Nobel laureate autobiography in Les Prix Nobel/Nobel Lectures 1996 (1997), 189.
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I had an immense advantage over many others dealing with the problem inasmuch as I had no fixed ideas derived from long-established practice to control and bias my mind, and did not suffer from the general belief that whatever is, is right.
In Sir Henry Bessemer, F.R.S.: An Autobiography (1905), 93.
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I had gone on a walk on a fine Sabbath afternoon. I had entered the Green [of Glasgow] by the gate at the foot of Charlotte Street—had passed the old washing-house. I was thinking upon the engine at the time, and had gone as far as the herd's house, when the idea came into my mind that as steam was an elastic body it would rush into a vacuum, and if a communication were made between the cylinder and an exhausted vessel it would rush into it, and might be there condensed without cooling the cylinder. I then saw that I must get rid of the condensed steam and injection water if I used a jet, as in Newcomen's engine. Two ways of doing this occurred to me. First, the water might be run off by a descending pipe, if an outlet could be got at the depth of 35 or 36 feet, and any air might be extracted by a small pump. The second was to make the pump large enough to extract both water and air. ... I had not walked further than the Golf-house when the whole thing was arranged in my mind.
[In Robert Hart's words, a recollection of the description of Watt's moment of inspiration, in May 1765, for improving Thomas Newcomen's steam engine.]
In Robert Hart, 'Reminiscences of James Watt' (read 2 Nov 1857), Transactions of the Glasgow Archaeological Society (1859), Vol. 1, 1. Note that these are not the verbatim words of James Watt, but are only a recollection of them by Robert Hart, who is quoting as best he can from memory of a conversation he and his brother had with James Watt that took place over 43 years previously. In his Reminiscences, Hart explains, “I have accordingly thrown together the following brief narrative:— As these meetings took place forty-three years since, many observations that were made at the time may have escaped me at present; yet, when the same subjects are touched on, I have as distinct recollection of his treatment of them as if it were yesterday.”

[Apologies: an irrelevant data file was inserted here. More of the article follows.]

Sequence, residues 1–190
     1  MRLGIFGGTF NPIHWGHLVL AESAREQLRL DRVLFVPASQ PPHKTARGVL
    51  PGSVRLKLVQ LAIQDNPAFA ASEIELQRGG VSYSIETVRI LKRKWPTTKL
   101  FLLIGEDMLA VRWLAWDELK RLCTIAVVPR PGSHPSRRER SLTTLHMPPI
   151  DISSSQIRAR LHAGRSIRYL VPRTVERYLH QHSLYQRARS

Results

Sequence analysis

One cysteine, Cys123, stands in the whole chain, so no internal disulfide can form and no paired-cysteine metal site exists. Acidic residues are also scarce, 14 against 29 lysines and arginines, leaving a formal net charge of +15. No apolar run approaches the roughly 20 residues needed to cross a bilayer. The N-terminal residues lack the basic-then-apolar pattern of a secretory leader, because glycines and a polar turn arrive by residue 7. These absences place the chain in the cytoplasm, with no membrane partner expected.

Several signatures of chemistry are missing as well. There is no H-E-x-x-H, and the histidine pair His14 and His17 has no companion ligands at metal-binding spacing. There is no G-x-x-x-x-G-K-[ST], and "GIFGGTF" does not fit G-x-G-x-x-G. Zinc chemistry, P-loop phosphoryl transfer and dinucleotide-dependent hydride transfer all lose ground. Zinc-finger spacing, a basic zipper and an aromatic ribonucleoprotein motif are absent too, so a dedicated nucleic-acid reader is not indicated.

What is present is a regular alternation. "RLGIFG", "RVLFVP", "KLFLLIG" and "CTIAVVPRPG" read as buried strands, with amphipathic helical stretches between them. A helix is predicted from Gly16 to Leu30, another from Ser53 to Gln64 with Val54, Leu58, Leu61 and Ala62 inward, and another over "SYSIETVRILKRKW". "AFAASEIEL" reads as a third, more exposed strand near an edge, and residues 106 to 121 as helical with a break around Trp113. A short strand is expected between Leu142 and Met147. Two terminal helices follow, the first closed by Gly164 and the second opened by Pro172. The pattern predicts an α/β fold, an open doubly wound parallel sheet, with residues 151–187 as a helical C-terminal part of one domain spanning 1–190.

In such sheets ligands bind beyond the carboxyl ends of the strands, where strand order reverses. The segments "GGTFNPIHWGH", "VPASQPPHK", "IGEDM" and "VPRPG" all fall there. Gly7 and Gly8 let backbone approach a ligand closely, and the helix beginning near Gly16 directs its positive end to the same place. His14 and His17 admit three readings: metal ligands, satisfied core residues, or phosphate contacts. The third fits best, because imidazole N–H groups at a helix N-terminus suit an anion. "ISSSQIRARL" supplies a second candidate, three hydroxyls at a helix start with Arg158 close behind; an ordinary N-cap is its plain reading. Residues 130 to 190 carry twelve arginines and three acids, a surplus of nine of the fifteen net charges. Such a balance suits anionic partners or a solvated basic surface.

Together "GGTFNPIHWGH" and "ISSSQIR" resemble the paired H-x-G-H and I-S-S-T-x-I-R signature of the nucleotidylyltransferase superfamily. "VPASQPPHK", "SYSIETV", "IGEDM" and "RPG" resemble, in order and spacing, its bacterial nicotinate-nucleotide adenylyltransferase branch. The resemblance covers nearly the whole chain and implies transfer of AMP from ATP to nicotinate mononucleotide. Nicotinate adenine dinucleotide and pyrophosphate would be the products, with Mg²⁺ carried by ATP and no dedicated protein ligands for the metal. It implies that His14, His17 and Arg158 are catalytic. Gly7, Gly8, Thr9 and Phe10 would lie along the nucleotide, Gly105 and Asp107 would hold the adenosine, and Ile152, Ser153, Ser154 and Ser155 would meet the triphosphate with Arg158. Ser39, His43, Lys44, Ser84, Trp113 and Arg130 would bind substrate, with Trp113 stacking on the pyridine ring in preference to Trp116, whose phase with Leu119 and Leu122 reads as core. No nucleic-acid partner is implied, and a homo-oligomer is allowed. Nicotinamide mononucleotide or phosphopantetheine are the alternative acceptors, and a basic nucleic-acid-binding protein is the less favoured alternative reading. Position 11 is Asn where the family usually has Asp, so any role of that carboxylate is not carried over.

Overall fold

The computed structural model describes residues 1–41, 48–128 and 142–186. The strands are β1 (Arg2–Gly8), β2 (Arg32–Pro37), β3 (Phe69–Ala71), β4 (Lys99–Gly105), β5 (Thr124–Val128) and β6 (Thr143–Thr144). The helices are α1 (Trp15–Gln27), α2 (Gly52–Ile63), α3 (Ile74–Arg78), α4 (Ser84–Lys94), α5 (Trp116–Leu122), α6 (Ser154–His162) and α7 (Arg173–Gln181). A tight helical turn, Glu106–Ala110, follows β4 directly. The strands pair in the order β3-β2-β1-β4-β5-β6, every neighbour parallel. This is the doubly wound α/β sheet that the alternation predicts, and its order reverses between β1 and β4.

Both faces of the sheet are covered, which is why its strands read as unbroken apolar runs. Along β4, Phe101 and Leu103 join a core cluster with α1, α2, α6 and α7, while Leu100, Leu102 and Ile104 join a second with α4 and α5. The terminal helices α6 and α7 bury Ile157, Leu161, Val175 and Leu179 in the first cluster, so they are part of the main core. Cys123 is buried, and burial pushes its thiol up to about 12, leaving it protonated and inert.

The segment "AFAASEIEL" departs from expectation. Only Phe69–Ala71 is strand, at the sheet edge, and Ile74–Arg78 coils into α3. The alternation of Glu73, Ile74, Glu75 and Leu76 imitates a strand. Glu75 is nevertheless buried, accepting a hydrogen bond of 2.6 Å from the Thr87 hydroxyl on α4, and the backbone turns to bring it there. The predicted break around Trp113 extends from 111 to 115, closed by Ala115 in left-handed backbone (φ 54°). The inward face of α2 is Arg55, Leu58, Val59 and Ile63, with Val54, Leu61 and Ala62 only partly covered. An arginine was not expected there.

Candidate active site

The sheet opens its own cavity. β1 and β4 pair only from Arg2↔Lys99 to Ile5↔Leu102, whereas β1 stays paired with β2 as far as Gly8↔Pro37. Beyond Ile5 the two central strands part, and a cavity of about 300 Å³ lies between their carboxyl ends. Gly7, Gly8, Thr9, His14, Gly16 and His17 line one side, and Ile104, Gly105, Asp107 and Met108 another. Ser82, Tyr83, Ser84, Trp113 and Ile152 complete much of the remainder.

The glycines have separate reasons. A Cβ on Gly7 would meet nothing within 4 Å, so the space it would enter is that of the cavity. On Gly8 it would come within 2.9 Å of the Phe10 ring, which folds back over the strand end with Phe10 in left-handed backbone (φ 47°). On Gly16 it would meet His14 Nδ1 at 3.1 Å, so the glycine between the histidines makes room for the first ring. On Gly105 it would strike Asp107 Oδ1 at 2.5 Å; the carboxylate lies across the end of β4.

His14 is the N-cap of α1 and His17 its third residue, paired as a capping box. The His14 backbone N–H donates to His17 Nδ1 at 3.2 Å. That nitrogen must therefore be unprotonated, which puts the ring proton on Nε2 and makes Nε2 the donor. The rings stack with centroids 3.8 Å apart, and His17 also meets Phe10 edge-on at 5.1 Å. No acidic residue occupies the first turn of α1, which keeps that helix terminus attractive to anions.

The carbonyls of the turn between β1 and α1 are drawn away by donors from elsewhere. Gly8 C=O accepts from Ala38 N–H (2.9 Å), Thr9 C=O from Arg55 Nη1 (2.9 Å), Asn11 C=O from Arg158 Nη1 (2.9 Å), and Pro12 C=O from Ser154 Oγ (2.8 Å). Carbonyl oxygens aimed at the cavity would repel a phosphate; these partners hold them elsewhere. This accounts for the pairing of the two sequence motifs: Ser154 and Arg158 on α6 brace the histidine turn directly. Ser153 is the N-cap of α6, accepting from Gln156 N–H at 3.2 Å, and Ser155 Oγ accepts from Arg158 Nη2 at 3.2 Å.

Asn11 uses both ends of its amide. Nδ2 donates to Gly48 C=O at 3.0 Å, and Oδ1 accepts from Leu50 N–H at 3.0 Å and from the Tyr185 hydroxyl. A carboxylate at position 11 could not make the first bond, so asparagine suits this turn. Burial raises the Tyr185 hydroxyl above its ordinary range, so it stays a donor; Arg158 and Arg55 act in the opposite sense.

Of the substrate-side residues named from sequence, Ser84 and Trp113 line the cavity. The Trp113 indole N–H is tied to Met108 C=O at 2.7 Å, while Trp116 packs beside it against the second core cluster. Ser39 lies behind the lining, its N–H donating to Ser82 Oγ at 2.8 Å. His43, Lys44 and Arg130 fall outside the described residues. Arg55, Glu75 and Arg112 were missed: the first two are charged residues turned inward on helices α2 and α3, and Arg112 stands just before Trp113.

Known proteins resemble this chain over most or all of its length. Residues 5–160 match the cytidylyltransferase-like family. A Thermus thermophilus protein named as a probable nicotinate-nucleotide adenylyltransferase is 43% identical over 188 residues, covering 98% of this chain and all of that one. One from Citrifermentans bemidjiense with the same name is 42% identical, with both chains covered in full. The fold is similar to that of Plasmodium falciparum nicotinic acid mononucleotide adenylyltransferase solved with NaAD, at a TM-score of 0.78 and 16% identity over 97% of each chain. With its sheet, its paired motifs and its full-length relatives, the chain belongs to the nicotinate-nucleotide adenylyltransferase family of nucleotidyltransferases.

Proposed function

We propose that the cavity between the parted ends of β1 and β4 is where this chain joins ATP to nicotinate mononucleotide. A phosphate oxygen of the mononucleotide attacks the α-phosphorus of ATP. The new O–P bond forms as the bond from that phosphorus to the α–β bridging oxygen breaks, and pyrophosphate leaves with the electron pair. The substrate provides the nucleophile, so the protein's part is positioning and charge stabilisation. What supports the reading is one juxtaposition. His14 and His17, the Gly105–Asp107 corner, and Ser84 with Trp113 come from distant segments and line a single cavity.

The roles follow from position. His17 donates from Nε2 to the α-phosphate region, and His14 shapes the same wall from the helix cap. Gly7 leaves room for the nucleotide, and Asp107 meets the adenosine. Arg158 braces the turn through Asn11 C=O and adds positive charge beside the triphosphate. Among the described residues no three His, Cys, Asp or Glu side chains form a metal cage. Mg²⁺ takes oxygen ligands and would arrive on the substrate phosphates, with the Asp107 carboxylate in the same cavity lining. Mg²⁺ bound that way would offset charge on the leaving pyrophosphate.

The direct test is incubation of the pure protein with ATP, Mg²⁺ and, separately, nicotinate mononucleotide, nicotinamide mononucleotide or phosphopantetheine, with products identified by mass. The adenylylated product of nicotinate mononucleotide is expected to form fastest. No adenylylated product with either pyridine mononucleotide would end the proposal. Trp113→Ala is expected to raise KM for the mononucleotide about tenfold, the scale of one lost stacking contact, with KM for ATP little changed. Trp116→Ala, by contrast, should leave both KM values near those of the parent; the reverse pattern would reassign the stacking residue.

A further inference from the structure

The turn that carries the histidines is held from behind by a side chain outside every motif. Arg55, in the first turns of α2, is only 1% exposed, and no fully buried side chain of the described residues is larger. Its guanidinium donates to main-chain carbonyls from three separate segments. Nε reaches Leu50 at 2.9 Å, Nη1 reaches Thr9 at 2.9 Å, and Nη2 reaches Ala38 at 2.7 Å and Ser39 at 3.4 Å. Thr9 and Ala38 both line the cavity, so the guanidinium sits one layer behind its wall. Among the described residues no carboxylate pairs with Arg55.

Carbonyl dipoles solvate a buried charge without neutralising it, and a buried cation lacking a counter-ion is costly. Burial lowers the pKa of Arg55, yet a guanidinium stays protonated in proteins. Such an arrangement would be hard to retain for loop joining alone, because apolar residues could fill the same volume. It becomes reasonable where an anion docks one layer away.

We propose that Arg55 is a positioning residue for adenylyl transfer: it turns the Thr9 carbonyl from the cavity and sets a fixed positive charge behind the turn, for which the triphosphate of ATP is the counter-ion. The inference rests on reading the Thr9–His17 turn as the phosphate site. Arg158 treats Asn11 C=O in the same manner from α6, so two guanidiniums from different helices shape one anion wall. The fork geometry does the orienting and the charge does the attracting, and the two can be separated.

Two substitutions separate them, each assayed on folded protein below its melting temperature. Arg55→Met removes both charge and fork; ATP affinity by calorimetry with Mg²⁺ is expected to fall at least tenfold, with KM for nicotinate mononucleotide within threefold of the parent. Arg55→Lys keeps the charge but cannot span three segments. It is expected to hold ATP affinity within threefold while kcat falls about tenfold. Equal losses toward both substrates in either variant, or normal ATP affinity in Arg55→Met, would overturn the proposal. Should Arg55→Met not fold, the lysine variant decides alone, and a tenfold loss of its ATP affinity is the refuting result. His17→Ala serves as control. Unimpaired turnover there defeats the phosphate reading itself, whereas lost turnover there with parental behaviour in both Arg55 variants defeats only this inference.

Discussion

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I hate it. I just do. That [artificial turf], local news, the IRS, and hair dryers are the four worst inventions of the century.
Football analyst, quoted in Sport (1985). In Julia Vitullo-Martin and J. Robert Moskin, The Executive's Book of Quotations (2002), 148.
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I have been branded with folly and madness for attempting what the world calls impossibilities, and even from the great engineer, the late James Watt, who said ... that I deserved hanging for bringing into use the high-pressure engine. This has so far been my reward from the public; but should this be all, I shall be satisfied by the great secret pleasure and laudable pride that I feel in my own breast from having been the instrument of bringing forward new principles and new arrangements of boundless value to my country, and however much I may be straitened in pecuniary circumstances, the great honour of being a useful subject can never be taken from me, which far exceeds riches.
From letter to Davies Gilbert, written a few months before Trevithick's last illness. Quoted in Francis Trevithick, Life of Richard Trevithick: With an Account of his Inventions (1872), Vol. 2, 395-6.
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I realized both the upper and lower body must be held securely in place with one strap across the chest and one across the hips. The belt also needed an immovable anchorage point for the buckle as far down beside the occupant's hip, so it could hold the body properly during a collision. It was just a matter of finding a solution that was simple, effective and could be put on conveniently with one hand.
as quoted in New York Times obituary, 26 Sep 2002
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I told [Kruesi] I was going to record talking, and then have the machine talk back. He thought it absurd. However, it was finished, the foil was put on; I then shouted “Mary had a little lamb,” etc. I adjusted the reproducer, and the machine reproduced it perfectly.
On first words spoken on a phonograph.
Byron M. Vanderbilt, Thomas Edison, Chemist (1971), 99.
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I was always afraid of things that worked the first time. Long experience proved that there were great drawbacks found generally before they could be got commercial; but here was something there was no doubt of.
[Recalling astonishment when his tin-foil cylinder phonograph first played back his voice recording of “Mary had a little lamb.”]
Quoted in Frank Lewis Dyer, Thomas Commerford Martin, Edison: His Life and Inventions (1910), 208.
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I watched his countenance closely, to see if he was not deranged ... and I was assured by other senators after he left the room that they had no confidence in it.
Reminiscence by Oliver Hampton Smith, Senator for Indiana, upon meeting Morse at the demonstration of his telegraph to the U.S. Congress in 1842.
Early Indiana Trials and Sketches (1858), 413